Wednesday, August 5, 2020

Massachusetts Paid Family and Medical Leave Taxation Issues

Now that a few months have passed and this new tax has been deducted and/or employer only paid, have we handled it correctly?  What’s to handle, you might ask?

William Delaney, EA
Westwood, MA
I haven’t seen anyone draw down on this fund (with good reason---it’s too soon for benefits to kick-in).  Yes, but is it taxable when it does suddenly appear in a subsequent year – or currently for a RI resident (more on this later).

What about the employee payroll deductions?  If you are like me, at least half of the   W-2 forms which should have shown something in box #14 did not have an entry.  If there is an entry, did you do anything with it?  It qualifies as a SALT (state and local [income] tax) so it should be posted to Schedule A---subject to the $10,000 annual limitation.   For authority, see CCA 200630017 (7/28/2006).

Is it taxable income when received.  YES, according to the Chief Counsel’s Advice cited above.  If you received an itemized deduction for the employee payment, the entire benefit is taxable when received.  If you were unable to itemize, the amount of the payroll deduction becomes your tax basis and it is excluded from taxable benefit income.

While this is the federal rule for the Massachusetts and Rhode Island State plans, other state plans may be treated differently. 

And, if you have not forgotten, the RI “tax” qualifies as a state tax when computing the maximum amount of credit on the MA resident return for taxes paid to another state.  See MA Revised Directive 12-1 (3/15/12).  Does RI reciprocate?  Not at this time.  The regulation in effect since 1/1/1998 is PIT 98-12 and it specifies (see part IV) that the allowable state income tax must be similar to what is allowed on the RI personal income tax return.  The RI personal return only allows (Schedule W) a credit for withholding tax shown on form W-2, box #17).  RI does not follow the MA “rule.”

Wednesday, June 10, 2020

COVID-19 Relief Town Hall Discussion

COVID – 19 Relief Town Hall Discussion
with the IRS and Massachusetts Departments of Revenue and Unemployment Assistance
Date   Thursday, June 11, 2020
Time   10:00 a.m. Eastern Time

Call in Telephone Number: (888) 331-8226      Access Code:  5206386

This free 45-minute teleconference is open to all.

Learn about:
  • Postponed Federal and state of Massachusetts Filing and Payment Deadlines
  • Economic Impact Payments - From $1,200 To $2,400 (Even more with qualifying dependents)
  • Free File – File for free using Free File tax software or Free File Fillable Forms
  • Resources & Guidance - Find out where to get the information you need to learn more about the Coronavirus economic tax relief
  • Department Unemployment Assistance – 3 new temporary federal programs
  • Department of Revenue – Taxability of Unemployment Benefits
    • EITC rule
    • MassTax Connect
    • VITA Assistance

Wednesday, June 3, 2020

Teleconference tomorrow: “COVID-19 Relief Town Hall Discussion”

The Internal Revenue Service, the Rhode Island Division of Taxation, and others will take part in the IRS’s “COVID-19 Relief Town Hall Discussion” tomorrow, Thursday, June 4, 2020.

The free 60-minute teleconference call, which is open to the public, will cover a variety of relief provisions related to the coronavirus pandemic.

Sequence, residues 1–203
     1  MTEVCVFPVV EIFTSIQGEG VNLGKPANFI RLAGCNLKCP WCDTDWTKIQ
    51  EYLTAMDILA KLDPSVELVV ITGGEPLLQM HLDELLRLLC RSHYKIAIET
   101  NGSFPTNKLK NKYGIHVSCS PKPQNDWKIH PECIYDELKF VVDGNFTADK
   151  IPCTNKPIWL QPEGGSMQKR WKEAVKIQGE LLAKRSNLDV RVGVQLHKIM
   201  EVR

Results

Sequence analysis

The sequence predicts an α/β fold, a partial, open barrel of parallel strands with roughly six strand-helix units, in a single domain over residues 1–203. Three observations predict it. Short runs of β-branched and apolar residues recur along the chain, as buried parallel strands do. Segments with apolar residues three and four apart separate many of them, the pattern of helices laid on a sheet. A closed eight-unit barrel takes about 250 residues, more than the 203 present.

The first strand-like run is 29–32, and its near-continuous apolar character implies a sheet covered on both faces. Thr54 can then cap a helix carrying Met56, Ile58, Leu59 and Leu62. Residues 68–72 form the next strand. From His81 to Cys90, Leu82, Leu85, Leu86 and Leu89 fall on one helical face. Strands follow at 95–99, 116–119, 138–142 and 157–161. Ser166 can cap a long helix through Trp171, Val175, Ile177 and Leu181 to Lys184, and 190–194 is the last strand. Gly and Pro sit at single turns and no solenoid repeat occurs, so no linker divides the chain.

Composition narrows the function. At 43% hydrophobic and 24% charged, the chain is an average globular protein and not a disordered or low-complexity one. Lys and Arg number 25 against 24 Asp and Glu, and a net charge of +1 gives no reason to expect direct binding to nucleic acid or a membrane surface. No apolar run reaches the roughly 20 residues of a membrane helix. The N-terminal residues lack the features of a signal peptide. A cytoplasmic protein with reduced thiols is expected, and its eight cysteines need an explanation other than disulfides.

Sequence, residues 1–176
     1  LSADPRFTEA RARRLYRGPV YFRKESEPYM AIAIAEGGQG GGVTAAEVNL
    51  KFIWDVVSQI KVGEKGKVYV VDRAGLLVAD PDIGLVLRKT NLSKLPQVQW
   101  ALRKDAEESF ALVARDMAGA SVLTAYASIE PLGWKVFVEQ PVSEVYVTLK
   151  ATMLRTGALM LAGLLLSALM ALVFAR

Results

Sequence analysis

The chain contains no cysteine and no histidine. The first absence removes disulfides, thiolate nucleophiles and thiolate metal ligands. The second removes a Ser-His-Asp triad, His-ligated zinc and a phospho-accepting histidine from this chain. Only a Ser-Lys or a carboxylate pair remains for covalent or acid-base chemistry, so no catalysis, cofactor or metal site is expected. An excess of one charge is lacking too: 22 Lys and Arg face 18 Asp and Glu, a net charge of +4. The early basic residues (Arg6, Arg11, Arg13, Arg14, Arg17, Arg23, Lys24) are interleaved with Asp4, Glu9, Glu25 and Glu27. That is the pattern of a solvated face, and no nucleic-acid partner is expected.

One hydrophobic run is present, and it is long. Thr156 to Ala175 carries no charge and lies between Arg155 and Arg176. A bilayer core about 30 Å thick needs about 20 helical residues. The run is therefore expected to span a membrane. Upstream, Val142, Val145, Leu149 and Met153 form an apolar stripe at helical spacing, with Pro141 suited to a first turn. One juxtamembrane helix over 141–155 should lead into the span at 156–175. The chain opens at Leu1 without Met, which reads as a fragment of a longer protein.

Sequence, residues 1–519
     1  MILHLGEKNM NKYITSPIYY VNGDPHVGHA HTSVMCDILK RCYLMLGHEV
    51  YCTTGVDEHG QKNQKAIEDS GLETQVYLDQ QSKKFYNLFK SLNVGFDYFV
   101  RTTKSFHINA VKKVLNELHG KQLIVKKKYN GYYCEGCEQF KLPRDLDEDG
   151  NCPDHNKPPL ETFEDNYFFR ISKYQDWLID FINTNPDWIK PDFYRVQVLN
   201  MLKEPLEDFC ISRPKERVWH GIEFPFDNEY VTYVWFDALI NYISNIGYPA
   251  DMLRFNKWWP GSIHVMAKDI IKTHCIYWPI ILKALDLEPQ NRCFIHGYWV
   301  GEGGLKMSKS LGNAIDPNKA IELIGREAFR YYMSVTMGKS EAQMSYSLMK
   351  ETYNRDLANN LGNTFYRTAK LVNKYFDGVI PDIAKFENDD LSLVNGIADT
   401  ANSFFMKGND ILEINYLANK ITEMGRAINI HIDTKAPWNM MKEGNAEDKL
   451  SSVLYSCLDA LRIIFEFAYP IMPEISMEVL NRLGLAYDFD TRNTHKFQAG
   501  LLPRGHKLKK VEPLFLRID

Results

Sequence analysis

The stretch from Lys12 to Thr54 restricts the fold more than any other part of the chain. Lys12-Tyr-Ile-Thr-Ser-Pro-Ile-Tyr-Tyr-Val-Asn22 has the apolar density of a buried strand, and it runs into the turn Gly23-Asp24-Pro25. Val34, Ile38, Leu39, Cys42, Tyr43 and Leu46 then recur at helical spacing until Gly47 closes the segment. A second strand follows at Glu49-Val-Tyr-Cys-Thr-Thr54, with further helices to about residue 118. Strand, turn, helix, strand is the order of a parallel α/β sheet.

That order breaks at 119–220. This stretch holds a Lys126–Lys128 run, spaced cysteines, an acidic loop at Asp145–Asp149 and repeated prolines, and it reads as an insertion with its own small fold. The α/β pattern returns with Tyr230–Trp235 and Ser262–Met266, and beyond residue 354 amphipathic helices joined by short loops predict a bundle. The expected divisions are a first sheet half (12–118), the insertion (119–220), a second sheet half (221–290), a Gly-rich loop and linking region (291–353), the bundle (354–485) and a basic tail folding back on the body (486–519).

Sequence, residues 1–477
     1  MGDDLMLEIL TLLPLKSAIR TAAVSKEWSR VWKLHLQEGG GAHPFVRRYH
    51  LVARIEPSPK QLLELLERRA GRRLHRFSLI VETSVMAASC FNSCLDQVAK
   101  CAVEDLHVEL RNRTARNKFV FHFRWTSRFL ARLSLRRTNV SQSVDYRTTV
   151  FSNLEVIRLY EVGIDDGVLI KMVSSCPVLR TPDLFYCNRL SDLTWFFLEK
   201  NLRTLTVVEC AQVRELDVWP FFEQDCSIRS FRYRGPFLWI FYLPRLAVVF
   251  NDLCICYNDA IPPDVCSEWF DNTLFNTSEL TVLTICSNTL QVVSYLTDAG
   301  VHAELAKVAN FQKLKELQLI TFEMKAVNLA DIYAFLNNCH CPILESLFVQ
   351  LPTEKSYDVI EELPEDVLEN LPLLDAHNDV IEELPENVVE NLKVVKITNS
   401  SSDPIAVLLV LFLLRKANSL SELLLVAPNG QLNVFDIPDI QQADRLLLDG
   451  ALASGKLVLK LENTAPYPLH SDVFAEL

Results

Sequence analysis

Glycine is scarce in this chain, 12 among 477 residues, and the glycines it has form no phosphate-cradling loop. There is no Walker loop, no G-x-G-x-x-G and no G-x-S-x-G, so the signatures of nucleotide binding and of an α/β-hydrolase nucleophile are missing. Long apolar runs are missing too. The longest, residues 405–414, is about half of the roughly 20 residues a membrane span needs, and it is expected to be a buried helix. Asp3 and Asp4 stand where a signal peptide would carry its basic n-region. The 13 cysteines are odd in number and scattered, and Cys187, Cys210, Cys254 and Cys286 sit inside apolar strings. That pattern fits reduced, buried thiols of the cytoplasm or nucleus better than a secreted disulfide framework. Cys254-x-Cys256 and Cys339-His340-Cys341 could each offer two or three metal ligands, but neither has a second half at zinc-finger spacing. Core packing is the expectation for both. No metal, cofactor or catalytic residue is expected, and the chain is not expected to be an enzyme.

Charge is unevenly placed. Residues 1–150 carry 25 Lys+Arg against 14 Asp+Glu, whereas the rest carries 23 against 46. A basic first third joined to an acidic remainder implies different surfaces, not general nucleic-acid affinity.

Topics will include the federal economic impact payments (sometimes called “stimulus payments”, “COVID-19 payments”, or “recovery rebates”); tax-filing and tax-payment updates; awareness about scams; the Volunteer Income Tax Assistance (VITA) program; and other individual assistance and relief programs and initiatives.

Registration is not required. However, the number of teleconference phone lines available is limited, so those interested in listening to the conference are urged to call in early. The teleconference will begin at 10:00 a.m. Eastern Time and will run for approximately one hour.
To listen to the teleconference, call toll-free at 1-888-331-8226 and, when prompted, enter the following access code: 3911745.

A flyer is available with more details. To view, click here.

RI Division of Taxation Office Remains Closed Through Friday, But Many Services Still Available

PROVIDENCE, R.I. – Due to some damage incurred to the William E. Powers building from Monday’s riots in downtown Providence, the Rhode Island Division of Taxation’s office will remain closed to the public through Friday, June 5, 2020, but the Division continues to offer a number of services to taxpayers, tax professionals, and other stakeholders.

The Division’s first-floor office remains closed to the public, with no walk-in service and limited telephone service. Nevertheless, taxpayers, tax professionals, and others may still contact the Division via email, make payments electronically, and file electronically.

The Division continues to issue tax refunds. The Division continues to accept paper filings and payments by check via the United States Postal Service and via private delivery service (although there may be a brief delay in processing). Furthermore, forms, instructions, notices, rulings, and other publications are available 24 hours a day, seven days a week, from the Division’s website:

“Although our office remains closed through Friday, June 5, we continue to operate, with certain limitations, and we continue to provide needed services for the State of Rhode Island, its taxpayers, and other stakeholders,” said Rhode Island Tax Administrator Neena Savage.

“Virtually all services the Division provides are available via the agency’s website, email system, and portal,” she said. A brief list of the services that continue to be available, and the few that are temporarily unavailable through June 5, is in the table below. A list of frequently used email addresses and Division website links can be found here